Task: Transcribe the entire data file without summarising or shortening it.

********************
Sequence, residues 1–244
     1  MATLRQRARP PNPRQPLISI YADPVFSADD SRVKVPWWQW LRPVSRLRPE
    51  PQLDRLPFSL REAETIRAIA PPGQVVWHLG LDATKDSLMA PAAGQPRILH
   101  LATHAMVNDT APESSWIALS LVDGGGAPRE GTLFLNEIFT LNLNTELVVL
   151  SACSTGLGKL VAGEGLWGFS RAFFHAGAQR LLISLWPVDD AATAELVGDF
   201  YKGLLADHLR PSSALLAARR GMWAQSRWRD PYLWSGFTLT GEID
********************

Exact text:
Sequence, residues 1–244
     1  MATLRQRARP PNPRQPLISI YADPVFSADD SRVKVPWWQW LRPVSRLRPE
    51  PQLDRLPFSL REAETIRAIA PPGQVVWHLG LDATKDSLMA PAAGQPRILH
   101  LATHAMVNDT APESSWIALS LVDGGGAPRE GTLFLNEIFT LNLNTELVVL
   151  SACSTGLGKL VAGEGLWGFS RAFFHAGAQR LLISLWPVDD AATAELVGDF
   201  YKGLLADHLR PSSALLAARR GMWAQSRWRD PYLWSGFTLT GEID